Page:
Aid and Radicalization: The Case of Hamas in the West Bank and Gaza

Amit Loewenthal*, Sami H. Miaari, Anke Hoeffler

*Corresponding author for this work

Research output: Contribution to journalArticlepeer-review

Abstract

We study how militant political factions use material aid to secure support. We focus on Hamas, a militant faction in the Palestinian Authority. We generate a unique dataset that includes the sources and extent of assistance received by Palestinian households, data on Israeli and Palestinian fatalities, and data on the level of support for particular Palestinian factions. We find that lower-income residents of districts that receive aid from religious charities are more likely to support Hamas. The support patterns identified partly align with the existing theory on armed religious groups as club good providers. We find no evidence that aid affects incumbent support or deters recipients from supporting militants. While it is possible that charities only target districts and households that support them, testing for reverse causality by regressing aid on lagged faction support yields no such evidence.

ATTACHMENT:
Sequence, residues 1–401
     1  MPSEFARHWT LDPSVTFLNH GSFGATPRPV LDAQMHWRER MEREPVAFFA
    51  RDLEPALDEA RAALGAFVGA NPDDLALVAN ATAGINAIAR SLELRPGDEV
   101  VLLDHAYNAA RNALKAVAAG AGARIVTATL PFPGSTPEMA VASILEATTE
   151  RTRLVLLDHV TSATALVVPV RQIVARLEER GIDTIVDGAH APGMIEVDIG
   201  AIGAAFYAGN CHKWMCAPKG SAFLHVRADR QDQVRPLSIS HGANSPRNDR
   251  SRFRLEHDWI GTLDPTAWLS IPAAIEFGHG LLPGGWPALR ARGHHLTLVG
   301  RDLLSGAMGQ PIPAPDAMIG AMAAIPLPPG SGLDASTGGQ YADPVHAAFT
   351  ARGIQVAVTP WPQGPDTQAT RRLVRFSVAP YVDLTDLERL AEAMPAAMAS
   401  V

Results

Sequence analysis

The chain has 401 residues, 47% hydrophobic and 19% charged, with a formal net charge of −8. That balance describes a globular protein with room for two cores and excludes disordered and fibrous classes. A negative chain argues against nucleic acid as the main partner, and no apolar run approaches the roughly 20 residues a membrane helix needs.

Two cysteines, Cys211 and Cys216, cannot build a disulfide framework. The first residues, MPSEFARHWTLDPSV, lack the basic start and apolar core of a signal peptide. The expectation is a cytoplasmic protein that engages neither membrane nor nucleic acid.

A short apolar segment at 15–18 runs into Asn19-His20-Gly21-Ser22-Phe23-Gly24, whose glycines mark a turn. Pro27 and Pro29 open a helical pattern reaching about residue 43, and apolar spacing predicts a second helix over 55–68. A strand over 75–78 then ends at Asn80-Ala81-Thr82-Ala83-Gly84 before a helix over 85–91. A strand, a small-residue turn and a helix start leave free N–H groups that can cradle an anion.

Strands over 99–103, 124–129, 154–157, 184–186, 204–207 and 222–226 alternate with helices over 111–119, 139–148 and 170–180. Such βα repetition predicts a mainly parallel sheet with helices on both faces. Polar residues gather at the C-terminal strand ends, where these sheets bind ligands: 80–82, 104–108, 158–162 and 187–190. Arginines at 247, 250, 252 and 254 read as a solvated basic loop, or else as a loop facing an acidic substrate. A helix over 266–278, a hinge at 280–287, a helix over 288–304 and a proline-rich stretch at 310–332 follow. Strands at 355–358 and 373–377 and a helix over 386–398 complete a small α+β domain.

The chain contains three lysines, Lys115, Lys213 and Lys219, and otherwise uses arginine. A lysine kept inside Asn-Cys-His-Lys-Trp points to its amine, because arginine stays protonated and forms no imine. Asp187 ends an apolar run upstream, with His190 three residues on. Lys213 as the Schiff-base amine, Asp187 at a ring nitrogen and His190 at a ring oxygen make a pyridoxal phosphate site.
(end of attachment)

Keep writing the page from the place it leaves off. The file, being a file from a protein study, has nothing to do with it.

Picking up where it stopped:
Original languageEnglish
Pages (from-to)1187-1212
Number of pages26
JournalJournal of Development Studies
Volume59
Issue number8
DOIs
StatePublished - 2023

Keywords

  • Hamas
  • Palestine
  • charities
  • conflict
  • humanitarian aid
  • radicalization

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